Action Comics #849 (DC Comics, Early July 2007 cover date)
Writer: Fabian Nicieza
Penciller: Renato Guedes
Inker: Ron Randall
Cover: Brad Walker & Robin Riggs
It has been awhile since I’ve had a chance to jump in with a review, so I figured this would be a good time to take a quick look at the latest Action Comics release.
While Adam Kubert continues to slowwwllly finish the art for part four of the stalled Geoff Johns/Richard Donner “Last Son” storyline, DC has wisely decided to press ahead with alternate teams on Action. Johns & Donner, incidentally, have probably made it to 2008 or 2009 by now in terms of stories in the can. So, we can take some solace in that at least.
In this issue, it’s part two of “Redemption.” Clark seeks to show the meta-human Redemption the error of his ways, but first has to battle him. Redemption has been using his powers to take revenge on those who attack his religious group of followers.
The source of his power at first appears to be the faith of those followers. As Clark notes, “I would really rather not turn this into me vs. God. I don’t like those odds.” An interesting by-product of the fight is that Clark bleeds in this issue.
You see, a couple months back, DC told producer Bruce Timm that the character could not bleed in the forthcoming Superman: Doomsday movie, despite the fact that he bled in the original comic version of the Doomsday battle. DC’s line was that Clark’s skin is totally invulnerable. Apparently not. Looks like DC’s insistence will serve only to make Superman: Doomsday a bit less true to the source material than it otherwise would have been.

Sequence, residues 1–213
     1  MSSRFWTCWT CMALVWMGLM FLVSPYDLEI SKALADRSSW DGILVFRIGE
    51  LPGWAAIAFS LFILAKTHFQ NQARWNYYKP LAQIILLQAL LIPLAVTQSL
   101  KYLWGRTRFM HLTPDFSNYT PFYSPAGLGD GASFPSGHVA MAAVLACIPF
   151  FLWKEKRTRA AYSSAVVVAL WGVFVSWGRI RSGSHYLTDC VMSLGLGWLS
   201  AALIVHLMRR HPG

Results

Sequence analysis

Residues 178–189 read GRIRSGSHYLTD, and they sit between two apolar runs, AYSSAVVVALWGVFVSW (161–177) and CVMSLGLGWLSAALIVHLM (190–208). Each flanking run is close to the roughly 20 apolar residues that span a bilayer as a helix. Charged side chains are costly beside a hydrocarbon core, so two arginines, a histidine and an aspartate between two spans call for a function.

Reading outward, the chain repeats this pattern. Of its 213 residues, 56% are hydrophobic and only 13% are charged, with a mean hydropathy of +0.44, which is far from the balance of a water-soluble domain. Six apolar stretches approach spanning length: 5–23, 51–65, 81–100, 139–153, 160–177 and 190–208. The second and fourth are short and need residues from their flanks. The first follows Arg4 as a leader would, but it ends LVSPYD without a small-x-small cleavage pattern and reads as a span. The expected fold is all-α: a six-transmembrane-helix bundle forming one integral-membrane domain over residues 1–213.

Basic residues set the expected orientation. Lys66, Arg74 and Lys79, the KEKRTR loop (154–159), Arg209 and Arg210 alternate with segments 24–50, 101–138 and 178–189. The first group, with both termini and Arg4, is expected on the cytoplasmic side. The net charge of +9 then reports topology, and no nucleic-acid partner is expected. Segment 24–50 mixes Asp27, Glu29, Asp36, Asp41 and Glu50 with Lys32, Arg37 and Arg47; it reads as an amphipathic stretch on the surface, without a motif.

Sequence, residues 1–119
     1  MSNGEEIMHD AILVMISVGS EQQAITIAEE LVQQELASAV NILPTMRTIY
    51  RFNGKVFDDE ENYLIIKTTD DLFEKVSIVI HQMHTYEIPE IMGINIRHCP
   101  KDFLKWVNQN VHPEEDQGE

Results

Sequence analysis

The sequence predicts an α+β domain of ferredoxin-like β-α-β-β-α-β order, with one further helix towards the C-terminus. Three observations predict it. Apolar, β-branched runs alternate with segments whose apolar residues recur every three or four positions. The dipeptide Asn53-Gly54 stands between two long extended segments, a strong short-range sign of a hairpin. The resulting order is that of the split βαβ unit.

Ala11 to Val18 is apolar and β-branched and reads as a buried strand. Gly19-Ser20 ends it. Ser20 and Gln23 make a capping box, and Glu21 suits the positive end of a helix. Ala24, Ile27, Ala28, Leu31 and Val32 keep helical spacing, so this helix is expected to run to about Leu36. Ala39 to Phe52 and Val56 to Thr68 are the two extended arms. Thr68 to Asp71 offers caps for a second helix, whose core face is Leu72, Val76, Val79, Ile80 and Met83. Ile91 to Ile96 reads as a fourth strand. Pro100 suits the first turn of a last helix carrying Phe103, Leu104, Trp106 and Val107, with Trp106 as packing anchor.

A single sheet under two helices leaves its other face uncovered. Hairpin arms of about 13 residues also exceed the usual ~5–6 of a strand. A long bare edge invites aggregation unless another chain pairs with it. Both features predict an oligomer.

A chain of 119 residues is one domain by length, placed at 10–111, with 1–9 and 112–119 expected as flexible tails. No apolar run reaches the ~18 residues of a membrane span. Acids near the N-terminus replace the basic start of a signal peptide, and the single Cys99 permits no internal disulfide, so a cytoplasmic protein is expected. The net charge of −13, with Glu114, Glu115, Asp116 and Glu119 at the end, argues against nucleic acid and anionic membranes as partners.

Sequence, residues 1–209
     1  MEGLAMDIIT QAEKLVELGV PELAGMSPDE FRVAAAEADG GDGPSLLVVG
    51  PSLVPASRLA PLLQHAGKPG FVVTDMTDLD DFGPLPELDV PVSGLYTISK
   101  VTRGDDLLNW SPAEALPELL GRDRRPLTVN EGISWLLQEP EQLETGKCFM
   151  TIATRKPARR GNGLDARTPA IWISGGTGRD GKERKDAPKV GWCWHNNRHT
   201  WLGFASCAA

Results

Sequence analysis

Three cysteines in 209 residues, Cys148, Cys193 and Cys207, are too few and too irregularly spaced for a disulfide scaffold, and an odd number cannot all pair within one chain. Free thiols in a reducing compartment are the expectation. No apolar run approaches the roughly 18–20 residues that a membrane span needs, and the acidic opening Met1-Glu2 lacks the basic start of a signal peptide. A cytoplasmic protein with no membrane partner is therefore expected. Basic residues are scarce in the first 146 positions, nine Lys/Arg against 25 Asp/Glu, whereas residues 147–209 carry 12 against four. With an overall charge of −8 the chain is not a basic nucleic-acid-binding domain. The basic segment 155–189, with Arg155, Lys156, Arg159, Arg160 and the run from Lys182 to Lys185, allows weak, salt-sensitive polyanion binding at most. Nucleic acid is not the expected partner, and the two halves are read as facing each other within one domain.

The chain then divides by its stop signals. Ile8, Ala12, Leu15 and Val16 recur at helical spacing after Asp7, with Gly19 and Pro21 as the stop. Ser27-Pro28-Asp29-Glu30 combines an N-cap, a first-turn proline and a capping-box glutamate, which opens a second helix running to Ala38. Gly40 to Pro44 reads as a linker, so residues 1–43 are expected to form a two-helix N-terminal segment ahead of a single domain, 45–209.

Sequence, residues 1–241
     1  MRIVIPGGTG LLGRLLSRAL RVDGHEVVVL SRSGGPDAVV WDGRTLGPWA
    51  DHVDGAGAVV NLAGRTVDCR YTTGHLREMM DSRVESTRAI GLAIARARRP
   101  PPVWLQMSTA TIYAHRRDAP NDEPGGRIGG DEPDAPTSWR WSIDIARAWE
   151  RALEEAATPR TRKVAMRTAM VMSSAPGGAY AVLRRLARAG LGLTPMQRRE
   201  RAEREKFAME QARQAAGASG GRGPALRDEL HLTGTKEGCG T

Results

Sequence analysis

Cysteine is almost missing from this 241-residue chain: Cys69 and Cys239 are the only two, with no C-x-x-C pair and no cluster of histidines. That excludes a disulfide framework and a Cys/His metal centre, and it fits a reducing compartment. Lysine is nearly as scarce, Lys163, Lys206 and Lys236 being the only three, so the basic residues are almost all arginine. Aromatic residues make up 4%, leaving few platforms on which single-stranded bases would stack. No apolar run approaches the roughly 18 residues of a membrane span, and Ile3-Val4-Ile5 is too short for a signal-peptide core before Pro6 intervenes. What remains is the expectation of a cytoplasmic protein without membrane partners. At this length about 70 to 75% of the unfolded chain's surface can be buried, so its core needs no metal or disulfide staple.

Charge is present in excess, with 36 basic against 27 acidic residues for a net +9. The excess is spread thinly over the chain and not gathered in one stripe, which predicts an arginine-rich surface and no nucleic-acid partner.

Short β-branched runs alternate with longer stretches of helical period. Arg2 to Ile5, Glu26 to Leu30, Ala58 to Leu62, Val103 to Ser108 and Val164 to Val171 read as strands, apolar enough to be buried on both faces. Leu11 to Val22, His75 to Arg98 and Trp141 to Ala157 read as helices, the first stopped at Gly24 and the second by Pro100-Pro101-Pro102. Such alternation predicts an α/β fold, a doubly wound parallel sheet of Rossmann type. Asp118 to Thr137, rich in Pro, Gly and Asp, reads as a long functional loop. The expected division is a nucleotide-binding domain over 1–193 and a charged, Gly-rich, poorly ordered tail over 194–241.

As for this story, it was okay. It had the feel of many Superman comics I remember reading as a kid. You know the ones, where a new superpowered character comes to Metropolis and begins wreaking havoc. Superman briefly fights him and eventually convinces him to turn over a new leaf. So, it was good to see kind of a classic comic book storyline used in the modern age, where things tend to get a lot more complicated.
The story generally skirts the Clark as messiah issue, save for a panel where he floats above Redemption’s followers in a church. Putting aside the religious aspect, it seemed that Clark was taking quite a risk, putting the follower’s lives in jeopardy by showing up at that moment–given the previous events, intended or otherwise. You could say that Clark had “faith” that his plan would work, but had his own faith been misplaced, others would have died for his mistake.
In the end, the story, like the art and the cover, was fine but not overly memorable. It was a good read, certainly worth a look while waiting for Kubert to finish his Action work and move on to slowing down some other comic book series that hopefully doesn’t involve Superman or any other character of interest to anyone.
Story/Writing: 6 (out of 10)
Cover Art: 6
Overall Experience: 6